The Commission's regulatory framework sets out behavioral standards and minimum requirements that licensees must meet in the provision of essential services to its customers. This may include obligations to use best endeavours to meet consumer protection requirements or service standards.
‘Best endeavours means to act in good faith
and using all reasonable efforts, skill and resources.'
The regulatory expectation is that licensees will use their best endeavours, at all times, to meet the consumer protection requirements or service standards (including targets) set by the Commission that require the use of best endeavours. While the best endeavours obligation does not require effort that goes beyond the bounds of reason, it involves considerably more than casual and intermittent activities, including acting honestly, reasonably and making a positive effort to perform the relevant obligation.
The following are examples of best endeavours obligations:
- 'A retailer must use its best endeavours to minimise interruptions or limitations to supply and to restore supply as soon as practicable following an interruption or limitation to supply.'
- 'The distributor must use its best endeavours to achieve … minimum network reliability standards during each and every regulatory year.'
The best endeavours test provides discretion in determining whether the service standard has been achieved. The alternative to setting best endeavours service standard would be to set an absolute service standard. Where an absolute service standard is set and a target is not met, it would be an automatic breach of licence (and governing Act). To date, the Commission has not set absolute service standards as the compliance costs to achieve an absolute standard may not be in the long-term interest of consumers.
Best endeavours service standards
Some licensees, such as SA Power Networks and SA Water, are required to use their best endeavours to meet service standards by aiming to achieve set performance targets. Targets within the standards are generally based on average historical performance and seek to provide a framework that facilitates the continuity of performance outcomes for customers.
Inherent in the notion of average service standards is the recognition that, at times, licensees may not meet a target. This does not give rise to an automatic breach of the best endeavours service standard. Provided a licensee continues to act in good faith and use all reasonable efforts, skill and resources, to meet the service standard target – that is, it can evidence that it has employed its best endeavours - the service standard would be met.
Setting service standard targets based on average performance acknowledges that:
- performance may be above or below the target in a particular quarter or year, and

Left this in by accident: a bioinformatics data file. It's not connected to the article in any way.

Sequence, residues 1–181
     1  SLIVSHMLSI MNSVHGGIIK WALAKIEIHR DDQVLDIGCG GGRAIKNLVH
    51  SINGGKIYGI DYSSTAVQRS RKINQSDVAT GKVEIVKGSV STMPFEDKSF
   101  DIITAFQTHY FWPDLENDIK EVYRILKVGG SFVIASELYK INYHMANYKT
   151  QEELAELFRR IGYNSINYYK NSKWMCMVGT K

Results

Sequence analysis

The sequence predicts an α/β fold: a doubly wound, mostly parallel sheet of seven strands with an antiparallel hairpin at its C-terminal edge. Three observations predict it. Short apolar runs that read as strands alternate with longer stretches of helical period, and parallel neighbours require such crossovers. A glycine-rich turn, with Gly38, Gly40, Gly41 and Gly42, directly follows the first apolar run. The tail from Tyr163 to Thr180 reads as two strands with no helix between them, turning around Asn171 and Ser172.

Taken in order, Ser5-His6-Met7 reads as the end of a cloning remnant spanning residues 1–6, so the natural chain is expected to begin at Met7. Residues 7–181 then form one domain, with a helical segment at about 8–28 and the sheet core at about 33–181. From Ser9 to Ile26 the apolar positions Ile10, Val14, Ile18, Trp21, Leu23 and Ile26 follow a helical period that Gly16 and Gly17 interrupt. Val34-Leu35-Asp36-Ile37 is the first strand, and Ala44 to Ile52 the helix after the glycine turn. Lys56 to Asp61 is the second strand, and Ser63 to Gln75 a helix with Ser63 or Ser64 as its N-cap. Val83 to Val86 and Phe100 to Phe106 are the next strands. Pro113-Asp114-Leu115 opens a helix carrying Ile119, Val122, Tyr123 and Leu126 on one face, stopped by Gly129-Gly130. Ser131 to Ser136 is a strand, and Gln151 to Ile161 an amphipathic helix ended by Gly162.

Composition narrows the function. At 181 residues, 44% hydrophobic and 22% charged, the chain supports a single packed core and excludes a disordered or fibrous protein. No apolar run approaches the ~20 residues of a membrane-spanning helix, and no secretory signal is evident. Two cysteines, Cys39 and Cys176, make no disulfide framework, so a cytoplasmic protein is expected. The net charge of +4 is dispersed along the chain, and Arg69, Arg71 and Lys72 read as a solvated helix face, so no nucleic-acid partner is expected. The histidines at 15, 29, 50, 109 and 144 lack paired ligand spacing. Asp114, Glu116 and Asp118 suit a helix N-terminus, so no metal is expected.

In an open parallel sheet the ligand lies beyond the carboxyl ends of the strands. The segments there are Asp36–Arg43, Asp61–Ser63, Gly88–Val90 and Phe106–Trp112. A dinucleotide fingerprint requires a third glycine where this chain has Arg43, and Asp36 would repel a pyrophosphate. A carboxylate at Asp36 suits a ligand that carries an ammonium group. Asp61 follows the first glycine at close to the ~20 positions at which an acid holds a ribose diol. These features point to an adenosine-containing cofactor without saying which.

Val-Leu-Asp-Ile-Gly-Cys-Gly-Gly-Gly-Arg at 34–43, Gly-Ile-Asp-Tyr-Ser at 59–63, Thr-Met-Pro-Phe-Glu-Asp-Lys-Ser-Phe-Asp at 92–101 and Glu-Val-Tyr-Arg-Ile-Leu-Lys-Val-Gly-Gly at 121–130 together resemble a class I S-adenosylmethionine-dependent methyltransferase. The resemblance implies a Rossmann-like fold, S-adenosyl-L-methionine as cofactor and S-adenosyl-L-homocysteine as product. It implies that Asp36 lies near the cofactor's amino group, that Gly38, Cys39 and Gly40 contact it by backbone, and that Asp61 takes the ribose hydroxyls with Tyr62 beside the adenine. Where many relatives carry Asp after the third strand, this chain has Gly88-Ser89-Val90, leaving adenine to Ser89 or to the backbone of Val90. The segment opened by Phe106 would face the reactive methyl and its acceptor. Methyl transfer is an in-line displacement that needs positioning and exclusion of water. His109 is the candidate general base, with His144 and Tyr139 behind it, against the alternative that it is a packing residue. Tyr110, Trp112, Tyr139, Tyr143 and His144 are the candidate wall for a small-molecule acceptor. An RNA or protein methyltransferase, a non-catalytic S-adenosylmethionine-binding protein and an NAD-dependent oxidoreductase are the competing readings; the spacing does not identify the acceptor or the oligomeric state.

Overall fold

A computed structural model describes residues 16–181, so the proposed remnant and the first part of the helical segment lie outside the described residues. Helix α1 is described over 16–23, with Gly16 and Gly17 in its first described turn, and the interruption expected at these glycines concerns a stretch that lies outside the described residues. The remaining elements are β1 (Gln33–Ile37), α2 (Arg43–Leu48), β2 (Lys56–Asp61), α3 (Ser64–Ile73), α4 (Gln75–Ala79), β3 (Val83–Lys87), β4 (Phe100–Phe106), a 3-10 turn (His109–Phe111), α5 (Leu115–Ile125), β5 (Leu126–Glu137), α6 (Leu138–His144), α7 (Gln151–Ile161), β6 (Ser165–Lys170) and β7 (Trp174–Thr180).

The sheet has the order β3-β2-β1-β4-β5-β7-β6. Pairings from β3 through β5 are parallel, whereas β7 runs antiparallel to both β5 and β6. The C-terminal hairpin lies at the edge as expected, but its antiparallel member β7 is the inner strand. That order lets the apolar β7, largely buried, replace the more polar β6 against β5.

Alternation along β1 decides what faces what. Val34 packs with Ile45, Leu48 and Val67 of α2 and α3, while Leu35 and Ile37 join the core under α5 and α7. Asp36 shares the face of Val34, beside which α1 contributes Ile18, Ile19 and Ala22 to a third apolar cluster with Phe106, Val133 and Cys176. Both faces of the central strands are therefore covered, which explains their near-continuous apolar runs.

- performance may be above or below the target for individual service standard events (for example, where travel is required to restore services).
These performance outcomes and variances are expected. Provided the licensee has used its best endeavours to meet the service standard target, the average service standard is considered met.
Assessing best endeavours
A best endeavours requirement is an ongoing obligation to use best endeavours to achieve the consumer protection requirements or applicable service standards. The Commission expects licensees to be using their best endeavours, at all times, in planning for, managing and responding to compliance requirements and service standard events - this is the fundamental principle of a best endeavours obligation or standard.
In doing so, licensees should be able to demonstrate to all stakeholders that they are meeting their regulatory obligations through having effective culture, systems, processes and controls. Licensees should have an effective compliance system that enables them to verify that it is meeting their regulatory obligations at all times – based on Australian Standard on Compliance Programs AS 3806-2006 (as amended from time to time) or on another credible compliance standard (as approved by the Commission in writing on application by the licensee).
Where information indicates a systemic decline in performance, the Commission may request further information from a licensee. This is generally by exception, where a potential issue is identified. For example, this may be where a large underperformance is observed in a single year, a moderate underperformance over a few years or a small underperformance over many years.
When this occurs, the Commission seeks detailed information on the causal factors contributing to the underperformance and the systems, strategies and processes put in place to remediate deficiencies and improve consumer outcomes.
In considering whether a licensee has used its ‘best endeavours’ to meet a service standard, the Commission has regard to the ‘enforcement criteria - matters for consideration’ specified in Chapter 5 of its Enforcement Policy.